Pranav Mistry, 28
A simple, wearable device enhances the real world with digital information
Retrieving information from the Web when you're on the go can be a challenge. To make it easier, graduate student Pranav Mistry has developed SixthSense, a device that is worn like a pendant and superimposes digital information on the physical world. Unlike previous "augmented reality" systems, Mistry's consists of inexpensive, off-the-shelf hardware. Two cables connect an LED projector and webcam to a Web-enabled mobile phone, but the system can easily be made wireless, says Mistry.
Users control SixthSense with simple hand gestures; putting your fingers and thumbs together to create a picture frame tells the camera to snap a photo, while drawing an @ symbol in the air allows you to check your e-mail. It is also designed to automatically recognize objects and retrieve relevant information: hold up a book, for instance, and the device projects reader ratings from sites like Amazon.com onto its cover. With text-to-speech software and a Bluetooth headset, it can "whisper" the information to you instead.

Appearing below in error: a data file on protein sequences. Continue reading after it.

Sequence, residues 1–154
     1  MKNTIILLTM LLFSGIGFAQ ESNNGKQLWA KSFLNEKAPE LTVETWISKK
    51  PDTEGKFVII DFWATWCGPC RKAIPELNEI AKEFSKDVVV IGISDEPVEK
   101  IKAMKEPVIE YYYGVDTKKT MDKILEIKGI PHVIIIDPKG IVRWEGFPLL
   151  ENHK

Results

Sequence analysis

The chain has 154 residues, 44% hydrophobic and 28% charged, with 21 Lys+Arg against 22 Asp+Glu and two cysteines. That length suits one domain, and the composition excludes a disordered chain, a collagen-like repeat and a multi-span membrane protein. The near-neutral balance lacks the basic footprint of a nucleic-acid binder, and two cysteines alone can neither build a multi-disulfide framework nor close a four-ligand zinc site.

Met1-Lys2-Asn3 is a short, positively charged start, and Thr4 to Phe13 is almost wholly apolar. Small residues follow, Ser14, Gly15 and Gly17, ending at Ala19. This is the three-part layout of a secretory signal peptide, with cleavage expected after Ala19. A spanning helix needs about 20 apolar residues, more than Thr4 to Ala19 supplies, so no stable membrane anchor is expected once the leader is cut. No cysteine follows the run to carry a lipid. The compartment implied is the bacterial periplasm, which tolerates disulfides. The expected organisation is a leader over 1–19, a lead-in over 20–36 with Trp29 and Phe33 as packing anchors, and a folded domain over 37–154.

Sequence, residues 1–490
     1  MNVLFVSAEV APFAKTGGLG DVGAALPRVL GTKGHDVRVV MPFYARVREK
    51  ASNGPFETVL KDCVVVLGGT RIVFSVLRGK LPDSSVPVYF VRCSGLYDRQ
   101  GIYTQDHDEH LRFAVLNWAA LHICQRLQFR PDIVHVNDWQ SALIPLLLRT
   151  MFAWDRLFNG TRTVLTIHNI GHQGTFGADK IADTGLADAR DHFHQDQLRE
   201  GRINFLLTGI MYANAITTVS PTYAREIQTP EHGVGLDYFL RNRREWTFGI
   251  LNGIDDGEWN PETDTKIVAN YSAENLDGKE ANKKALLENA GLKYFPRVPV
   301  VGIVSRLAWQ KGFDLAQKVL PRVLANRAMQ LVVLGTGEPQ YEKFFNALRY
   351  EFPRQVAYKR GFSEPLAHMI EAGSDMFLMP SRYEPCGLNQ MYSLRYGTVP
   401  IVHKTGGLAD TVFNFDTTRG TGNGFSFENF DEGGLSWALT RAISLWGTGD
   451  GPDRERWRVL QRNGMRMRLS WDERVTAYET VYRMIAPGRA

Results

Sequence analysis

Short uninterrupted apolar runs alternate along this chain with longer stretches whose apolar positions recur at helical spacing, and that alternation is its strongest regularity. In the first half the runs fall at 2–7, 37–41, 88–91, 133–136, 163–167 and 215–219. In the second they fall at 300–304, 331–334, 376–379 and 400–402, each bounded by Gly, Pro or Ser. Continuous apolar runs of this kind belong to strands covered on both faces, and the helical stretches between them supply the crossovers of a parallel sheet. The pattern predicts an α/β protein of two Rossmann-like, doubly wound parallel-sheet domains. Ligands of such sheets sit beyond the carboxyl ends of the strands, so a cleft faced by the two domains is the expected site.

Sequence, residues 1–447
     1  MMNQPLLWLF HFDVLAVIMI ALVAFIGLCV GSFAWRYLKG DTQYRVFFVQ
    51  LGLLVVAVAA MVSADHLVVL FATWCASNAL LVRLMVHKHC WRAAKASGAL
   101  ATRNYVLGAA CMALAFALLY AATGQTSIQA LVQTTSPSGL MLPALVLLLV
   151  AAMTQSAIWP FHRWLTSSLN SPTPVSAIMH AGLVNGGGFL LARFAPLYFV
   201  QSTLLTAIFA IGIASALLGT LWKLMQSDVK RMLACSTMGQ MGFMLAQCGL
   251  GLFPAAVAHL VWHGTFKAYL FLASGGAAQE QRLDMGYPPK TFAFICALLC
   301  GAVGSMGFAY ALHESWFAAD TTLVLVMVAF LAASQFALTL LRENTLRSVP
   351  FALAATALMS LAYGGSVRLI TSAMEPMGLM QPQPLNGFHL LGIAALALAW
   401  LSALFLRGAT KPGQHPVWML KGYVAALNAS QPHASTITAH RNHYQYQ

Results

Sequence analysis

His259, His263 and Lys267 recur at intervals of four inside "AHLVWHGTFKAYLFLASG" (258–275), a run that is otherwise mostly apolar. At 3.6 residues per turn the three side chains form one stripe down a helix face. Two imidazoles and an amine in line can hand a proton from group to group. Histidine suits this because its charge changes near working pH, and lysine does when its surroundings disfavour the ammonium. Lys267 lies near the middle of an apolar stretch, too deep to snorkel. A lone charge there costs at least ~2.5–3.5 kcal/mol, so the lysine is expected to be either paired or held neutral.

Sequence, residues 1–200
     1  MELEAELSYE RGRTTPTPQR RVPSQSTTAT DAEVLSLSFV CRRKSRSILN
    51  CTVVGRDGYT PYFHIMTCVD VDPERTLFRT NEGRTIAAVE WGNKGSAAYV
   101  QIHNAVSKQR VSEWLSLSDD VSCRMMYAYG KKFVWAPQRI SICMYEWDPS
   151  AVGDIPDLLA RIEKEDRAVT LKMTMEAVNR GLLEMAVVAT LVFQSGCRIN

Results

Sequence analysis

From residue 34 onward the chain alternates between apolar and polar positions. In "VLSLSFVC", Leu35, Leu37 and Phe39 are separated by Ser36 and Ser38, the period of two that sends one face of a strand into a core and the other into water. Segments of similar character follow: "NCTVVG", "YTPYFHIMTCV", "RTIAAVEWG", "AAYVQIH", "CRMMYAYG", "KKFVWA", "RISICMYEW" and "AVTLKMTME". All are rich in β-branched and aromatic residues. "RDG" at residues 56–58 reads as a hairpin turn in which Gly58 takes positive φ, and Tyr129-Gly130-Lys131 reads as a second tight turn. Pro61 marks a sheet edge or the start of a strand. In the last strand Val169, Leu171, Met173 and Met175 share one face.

Remarkably, Mistry developed SixthSense in less than five months, and it costs under $350 to build (not including the phone). Users must currently wear colored "markers" on their fingers so that the system can track their hand gestures, but he is designing algorithms that will enable the phone to recognize them directly. --Brittany Sauser
1. Camera: A webcam captures an object in view and tracks the user's hand gestures. It sends the data to the smart phone.
2. Colored Markers: Marking the user's fingers with red, yellow, green, and blue tape helps the webcam recognize gestures. Mistry is working on gesture-recognition algorithms that could eliminate the need for the markers.
3. Projector: A tiny LED projector displays data sent from the smart phone on any surface in view--object, wall, or person. Mistry hopes to start using laser projectors to increase the brightness.
4. Smart Phone: A Web-enabled smart phone in the user's pocket processes the video data, using vision algorithms to identify the object. Other software searches the Web and interprets the hand gestures.
Credit: Sam Ogden